Torah Fax
Friday, May 18, 2007 - 1 Sivan, 5767

Torah Reading: BaMidbar (Numbers 1:1 -  4:20)
Candle Lighting: 7:50 PM
Shabbat ends: 8:58 PM
Pirkei Avot Chapter 6

Just A Second?

In this week's parsha, the Torah tells us that originally the first-born were selected to be the priests who would work in the Temple. This was due in part to the fact that their lives were spared during the plague of the first born when their Egyptian counterparts were killed. Since G‑d spared their lives, they became G‑d's special "possessions" as it were. But later, when the firstborn worshipped the Golden Calf, along with the vast majority of the Jewish people, they were stripped of their priestly distinction. In their place G‑d chose the Levites, the only ones who did not participate in that horrible crime of idolatry and were therefore the natural replacements for the first born.
In truth, they were not just replacements, but their selection in place of the first-born served as the atonement for the first-born. Hence the Torah uses the expression of pidyon-redemption to describe the substitution of the first born with the unblemished Levites.
Interestingly, the number of Levites were almost the same as the number of first-born Israelites - except for 273 additional first born.
Now, if each Levite was to take the place of a first-born and serve as his "redemption," removing him from his priestly obligations, how did the 273 additional first-born find their redemption when there were no Levites to replace them?
The answer is provided in our parsha. The additional 273 first-born were to give a five-shekel coin as their form of redemption.
Every detail of the Torah is precise and there are no coincidences or arbitrary pieces of information. The fact that there were 273 "extra" first-born that had to be redeemed separately must have some deeper significance.
Moreover, as some commentators have pointed out, the verse that describes the 273 first-born stands by itself: "And as for the redemption of the two hundred and seventy three of the first-born of the children of Israel, that are over and above the number of the Levites." It does not mention that they were to redeem themselves with five shekel until the next verse. It seems therefore that the Torah wishes to tell us that the fact that there were 273 additional first-born that had to be redeemed is in and of itself a noteworthy detail.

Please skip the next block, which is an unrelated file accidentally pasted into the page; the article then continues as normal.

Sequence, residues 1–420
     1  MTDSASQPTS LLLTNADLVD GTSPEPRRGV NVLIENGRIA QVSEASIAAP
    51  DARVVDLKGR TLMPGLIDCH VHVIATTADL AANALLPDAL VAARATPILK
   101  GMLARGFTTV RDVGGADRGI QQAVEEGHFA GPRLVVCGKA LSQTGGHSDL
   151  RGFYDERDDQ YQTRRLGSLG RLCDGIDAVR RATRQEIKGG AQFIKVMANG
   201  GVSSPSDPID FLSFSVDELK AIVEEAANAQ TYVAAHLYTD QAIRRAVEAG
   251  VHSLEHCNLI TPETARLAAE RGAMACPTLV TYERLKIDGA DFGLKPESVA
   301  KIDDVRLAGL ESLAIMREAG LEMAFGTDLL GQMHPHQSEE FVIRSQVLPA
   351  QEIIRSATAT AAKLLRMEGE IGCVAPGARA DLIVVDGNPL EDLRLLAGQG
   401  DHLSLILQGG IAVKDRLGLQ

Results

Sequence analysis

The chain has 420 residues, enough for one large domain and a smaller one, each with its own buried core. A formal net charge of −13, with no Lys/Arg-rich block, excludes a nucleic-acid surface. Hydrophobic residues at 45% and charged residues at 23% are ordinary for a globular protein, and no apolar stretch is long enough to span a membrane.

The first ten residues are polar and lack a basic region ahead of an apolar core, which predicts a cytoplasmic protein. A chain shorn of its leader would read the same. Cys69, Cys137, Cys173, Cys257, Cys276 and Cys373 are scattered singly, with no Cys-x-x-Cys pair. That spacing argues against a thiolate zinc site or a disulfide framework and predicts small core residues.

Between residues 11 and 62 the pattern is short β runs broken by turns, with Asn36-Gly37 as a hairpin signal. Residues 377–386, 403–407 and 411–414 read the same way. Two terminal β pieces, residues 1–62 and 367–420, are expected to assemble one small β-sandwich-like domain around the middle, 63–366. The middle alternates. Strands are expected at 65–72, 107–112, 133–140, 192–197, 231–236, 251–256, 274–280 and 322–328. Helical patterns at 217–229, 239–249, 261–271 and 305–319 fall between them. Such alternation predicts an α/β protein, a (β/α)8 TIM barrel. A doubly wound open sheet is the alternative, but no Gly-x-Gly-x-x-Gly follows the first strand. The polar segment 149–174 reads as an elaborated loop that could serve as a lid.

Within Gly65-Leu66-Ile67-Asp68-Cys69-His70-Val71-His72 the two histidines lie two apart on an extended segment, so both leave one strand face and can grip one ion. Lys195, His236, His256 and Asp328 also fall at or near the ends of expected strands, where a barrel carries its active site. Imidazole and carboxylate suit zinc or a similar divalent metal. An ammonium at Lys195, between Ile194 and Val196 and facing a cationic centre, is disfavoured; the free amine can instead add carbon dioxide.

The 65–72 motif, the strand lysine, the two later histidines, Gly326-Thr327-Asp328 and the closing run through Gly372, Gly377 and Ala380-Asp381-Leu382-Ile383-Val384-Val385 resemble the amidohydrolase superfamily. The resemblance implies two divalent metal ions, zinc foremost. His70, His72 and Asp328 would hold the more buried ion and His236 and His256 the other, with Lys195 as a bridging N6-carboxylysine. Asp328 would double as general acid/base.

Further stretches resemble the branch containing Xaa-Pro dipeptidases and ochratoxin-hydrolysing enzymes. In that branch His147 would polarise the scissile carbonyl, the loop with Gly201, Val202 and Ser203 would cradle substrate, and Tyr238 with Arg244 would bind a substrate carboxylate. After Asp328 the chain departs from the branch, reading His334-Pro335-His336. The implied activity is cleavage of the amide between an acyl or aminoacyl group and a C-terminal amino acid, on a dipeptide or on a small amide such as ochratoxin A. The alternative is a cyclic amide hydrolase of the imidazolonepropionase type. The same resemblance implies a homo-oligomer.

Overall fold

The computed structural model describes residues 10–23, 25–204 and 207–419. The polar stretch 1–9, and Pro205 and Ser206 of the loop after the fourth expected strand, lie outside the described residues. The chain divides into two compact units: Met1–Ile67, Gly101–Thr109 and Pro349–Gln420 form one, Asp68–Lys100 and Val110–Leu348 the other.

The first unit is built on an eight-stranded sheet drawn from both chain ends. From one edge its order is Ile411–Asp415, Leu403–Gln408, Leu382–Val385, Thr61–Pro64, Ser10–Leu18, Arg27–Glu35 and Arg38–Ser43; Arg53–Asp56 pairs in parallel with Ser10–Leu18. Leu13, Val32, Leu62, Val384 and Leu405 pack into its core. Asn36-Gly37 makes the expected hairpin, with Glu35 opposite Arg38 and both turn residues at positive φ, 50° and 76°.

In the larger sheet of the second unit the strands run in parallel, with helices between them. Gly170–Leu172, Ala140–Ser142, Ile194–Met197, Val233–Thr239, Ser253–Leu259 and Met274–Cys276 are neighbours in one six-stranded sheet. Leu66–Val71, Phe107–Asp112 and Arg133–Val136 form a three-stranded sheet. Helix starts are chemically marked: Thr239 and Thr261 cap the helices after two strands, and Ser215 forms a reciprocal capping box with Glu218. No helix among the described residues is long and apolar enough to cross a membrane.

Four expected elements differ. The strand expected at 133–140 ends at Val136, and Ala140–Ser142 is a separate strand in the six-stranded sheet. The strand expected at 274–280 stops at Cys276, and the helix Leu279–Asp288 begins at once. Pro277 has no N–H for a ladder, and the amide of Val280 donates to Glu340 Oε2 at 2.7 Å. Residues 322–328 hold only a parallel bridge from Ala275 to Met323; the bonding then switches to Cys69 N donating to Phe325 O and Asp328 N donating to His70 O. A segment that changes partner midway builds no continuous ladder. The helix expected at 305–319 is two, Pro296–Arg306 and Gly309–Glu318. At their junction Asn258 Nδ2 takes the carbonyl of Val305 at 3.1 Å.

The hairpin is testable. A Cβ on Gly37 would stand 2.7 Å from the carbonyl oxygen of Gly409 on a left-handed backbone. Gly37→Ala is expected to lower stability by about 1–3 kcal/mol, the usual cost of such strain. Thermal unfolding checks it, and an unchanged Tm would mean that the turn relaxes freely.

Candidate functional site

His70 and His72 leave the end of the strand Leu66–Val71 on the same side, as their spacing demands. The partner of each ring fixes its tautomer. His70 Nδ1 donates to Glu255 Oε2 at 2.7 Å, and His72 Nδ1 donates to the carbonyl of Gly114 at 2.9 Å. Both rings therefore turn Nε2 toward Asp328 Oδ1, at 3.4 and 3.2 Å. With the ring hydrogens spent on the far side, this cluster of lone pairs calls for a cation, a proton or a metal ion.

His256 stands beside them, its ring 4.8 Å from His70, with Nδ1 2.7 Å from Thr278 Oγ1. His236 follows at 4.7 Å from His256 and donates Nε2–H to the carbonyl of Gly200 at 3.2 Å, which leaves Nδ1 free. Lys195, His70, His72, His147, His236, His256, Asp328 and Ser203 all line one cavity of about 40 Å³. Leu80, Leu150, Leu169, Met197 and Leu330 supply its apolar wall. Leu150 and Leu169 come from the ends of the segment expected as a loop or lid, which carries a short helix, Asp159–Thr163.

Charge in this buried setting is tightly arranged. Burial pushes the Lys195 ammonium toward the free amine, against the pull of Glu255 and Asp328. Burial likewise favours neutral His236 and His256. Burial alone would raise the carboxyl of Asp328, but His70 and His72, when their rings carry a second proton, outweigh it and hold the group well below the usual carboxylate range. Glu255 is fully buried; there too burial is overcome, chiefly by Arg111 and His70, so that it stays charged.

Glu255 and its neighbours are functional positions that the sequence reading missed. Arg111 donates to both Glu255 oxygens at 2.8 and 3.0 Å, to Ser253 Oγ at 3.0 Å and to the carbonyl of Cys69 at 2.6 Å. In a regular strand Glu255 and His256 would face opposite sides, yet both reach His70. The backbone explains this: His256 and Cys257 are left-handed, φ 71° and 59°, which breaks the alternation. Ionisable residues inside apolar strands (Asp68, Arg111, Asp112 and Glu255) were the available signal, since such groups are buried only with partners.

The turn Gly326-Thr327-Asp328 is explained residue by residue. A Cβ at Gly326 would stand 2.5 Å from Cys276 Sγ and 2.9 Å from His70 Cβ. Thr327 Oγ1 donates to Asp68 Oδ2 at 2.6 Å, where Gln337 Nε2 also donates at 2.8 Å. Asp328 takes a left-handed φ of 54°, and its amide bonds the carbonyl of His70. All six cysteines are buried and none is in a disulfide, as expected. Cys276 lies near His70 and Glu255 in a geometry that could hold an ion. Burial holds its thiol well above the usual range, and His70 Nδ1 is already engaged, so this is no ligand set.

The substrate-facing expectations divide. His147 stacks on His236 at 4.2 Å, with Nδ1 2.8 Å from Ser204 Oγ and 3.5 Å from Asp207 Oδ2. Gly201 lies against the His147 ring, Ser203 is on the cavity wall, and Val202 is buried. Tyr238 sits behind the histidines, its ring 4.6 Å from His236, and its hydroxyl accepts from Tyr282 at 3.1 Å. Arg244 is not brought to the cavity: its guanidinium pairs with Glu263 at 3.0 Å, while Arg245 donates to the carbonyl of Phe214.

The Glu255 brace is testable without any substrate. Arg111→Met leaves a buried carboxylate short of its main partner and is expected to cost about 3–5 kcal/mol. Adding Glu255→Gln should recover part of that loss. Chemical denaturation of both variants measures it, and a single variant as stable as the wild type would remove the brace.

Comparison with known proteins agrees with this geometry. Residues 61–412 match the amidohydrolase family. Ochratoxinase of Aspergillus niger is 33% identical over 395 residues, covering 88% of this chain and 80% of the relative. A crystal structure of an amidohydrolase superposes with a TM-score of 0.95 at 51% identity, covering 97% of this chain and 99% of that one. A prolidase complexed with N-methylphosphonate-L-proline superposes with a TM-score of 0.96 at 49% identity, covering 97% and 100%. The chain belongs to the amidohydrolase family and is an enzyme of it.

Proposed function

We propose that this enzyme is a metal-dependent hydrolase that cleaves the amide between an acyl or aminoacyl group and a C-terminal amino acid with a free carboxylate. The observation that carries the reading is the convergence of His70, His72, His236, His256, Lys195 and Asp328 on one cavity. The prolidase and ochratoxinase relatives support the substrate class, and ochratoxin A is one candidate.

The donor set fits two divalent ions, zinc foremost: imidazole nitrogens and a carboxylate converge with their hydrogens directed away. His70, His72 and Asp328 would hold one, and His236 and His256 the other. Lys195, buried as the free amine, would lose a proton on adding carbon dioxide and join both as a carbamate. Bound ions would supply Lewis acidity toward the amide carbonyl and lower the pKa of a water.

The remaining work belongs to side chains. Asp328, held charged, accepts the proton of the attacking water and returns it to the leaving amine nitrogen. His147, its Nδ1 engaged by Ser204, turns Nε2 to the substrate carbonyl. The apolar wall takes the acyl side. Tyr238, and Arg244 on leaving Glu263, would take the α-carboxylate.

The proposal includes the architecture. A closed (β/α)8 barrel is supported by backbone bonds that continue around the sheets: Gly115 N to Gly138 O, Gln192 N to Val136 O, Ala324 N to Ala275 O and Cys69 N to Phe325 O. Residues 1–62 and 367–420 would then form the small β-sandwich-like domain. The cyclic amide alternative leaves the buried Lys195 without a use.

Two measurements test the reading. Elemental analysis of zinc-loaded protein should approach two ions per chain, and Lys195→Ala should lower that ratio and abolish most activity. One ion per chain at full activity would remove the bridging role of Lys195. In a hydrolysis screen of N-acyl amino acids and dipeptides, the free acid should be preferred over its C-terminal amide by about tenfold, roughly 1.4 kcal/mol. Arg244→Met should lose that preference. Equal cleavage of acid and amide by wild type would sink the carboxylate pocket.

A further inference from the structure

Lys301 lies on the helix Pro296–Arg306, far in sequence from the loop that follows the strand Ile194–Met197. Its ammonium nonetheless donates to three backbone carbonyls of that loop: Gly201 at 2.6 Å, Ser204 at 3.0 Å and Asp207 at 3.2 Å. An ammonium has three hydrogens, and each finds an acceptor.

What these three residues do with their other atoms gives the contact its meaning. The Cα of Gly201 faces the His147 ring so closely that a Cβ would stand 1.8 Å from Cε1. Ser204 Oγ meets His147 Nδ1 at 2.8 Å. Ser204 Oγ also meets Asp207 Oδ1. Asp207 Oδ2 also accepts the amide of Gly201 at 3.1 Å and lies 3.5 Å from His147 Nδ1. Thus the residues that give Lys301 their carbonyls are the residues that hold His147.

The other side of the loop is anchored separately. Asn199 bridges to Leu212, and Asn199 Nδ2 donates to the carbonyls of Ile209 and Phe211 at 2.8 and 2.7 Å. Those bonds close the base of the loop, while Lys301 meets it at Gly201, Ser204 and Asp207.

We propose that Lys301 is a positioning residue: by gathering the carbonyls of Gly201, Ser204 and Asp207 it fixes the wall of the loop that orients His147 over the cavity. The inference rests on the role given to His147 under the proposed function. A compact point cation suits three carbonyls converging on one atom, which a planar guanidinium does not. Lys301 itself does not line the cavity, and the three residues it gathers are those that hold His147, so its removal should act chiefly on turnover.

But what is the significance of the number 273?
One explanation of this matter, based on the exposition given in the Chassidic work entitled Arugat Habosem, is that the number 273 is the numerical value of the word rega, which means moment or instant.
And here is the dual lesson:
First, by stating that the 273 first-born Israelites required redemption, we learn that even an instant wasted or abused necessitates redemption. There is no truth to the assumption that seconds can be trifled with. Every second is precious and must be filled with meaning and purpose.
Second, even one instant that is utilized properly can be sufficient to turn one's life around. In Chassidic literature there is an expression that is used repeatedly: "in one moment; in one instant." This echoes the Talmudic statement that "one could acquire their world in one instant." Just one significant change of heart can turn a person's life around and bring salvation to him or herself.
Moreover, it takes just one movement-the Hebrew word for moment can also be translated as movement-to turn the whole world around and bring salvation and assistance to the entire world.
When the Jewish nation was asked whether they wanted to receive the Torah, the people's response consisted of just two words in Hebrew-na'aseh v'nishma (We will do and we will listen.") These few words did not take more than a moment or two to utter and yet they brought salvation to the entire world . For, as our Sages tell us, if the Jewish people had not accepted the Torah, there would have been no purpose in the creation of the world. Indeed, the Talmud relates that G‑d created the world tentatively. If the Torah will be accepted then the world would endure, otherwise, G‑d forbid, it would revert to nothingness.

Just those few moments made a world of difference.
Similarly, now, with just one moment's movement in the right direction, one person can literally save the world and usher in the Messianic Age of Redemption and peace. It could very well be that the entire world and all of the generations before us are waiting with bated breath for us to make a difference in just one moment. 

Moshiach Matters

"For six years he shall serve and in the seventh year he shall be set free" we read in the Torah (Ex. 21:2). These six years hint to the six kingdoms to which the Jewish people were exiled: Egypt, Assiriya, Babylonia, Media, Greece and Rome - our current exile. We are currently in the "sixth year" from which we will be set free - for eterenity - by Moshiach. (Sefer Haparshiot)
Moshiach - It’s a Jewish issue. For more info, visit


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